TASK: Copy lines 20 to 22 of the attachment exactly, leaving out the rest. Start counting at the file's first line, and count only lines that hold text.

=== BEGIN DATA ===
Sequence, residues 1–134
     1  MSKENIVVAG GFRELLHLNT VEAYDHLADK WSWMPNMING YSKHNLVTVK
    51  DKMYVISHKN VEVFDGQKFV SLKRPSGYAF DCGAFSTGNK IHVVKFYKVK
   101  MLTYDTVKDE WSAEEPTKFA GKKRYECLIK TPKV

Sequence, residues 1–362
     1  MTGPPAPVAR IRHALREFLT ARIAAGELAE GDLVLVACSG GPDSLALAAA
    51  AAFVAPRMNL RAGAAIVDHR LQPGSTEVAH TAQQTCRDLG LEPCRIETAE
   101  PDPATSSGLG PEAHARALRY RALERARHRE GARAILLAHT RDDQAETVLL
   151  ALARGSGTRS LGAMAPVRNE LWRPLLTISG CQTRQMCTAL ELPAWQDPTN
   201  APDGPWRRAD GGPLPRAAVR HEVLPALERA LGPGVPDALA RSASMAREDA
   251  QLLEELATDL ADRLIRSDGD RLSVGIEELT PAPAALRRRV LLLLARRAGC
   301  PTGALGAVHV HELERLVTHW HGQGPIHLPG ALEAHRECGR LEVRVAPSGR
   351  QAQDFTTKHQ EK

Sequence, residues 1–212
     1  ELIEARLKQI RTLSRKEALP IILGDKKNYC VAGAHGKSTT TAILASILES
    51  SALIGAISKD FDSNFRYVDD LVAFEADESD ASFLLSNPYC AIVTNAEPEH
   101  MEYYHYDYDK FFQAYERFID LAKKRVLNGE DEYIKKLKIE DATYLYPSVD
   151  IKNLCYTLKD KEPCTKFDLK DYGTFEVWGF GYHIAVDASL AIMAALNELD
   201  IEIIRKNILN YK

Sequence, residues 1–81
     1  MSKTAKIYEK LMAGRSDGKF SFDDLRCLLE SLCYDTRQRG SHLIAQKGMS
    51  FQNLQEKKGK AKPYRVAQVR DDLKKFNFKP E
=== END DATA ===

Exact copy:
Sequence, residues 1–81
     1  MSKTAKIYEK LMAGRSDGKF SFDDLRCLLE SLCYDTRQRG SHLIAQKGMS
    51  FQNLQEKKGK AKPYRVAQVR DDLKKFNFKP E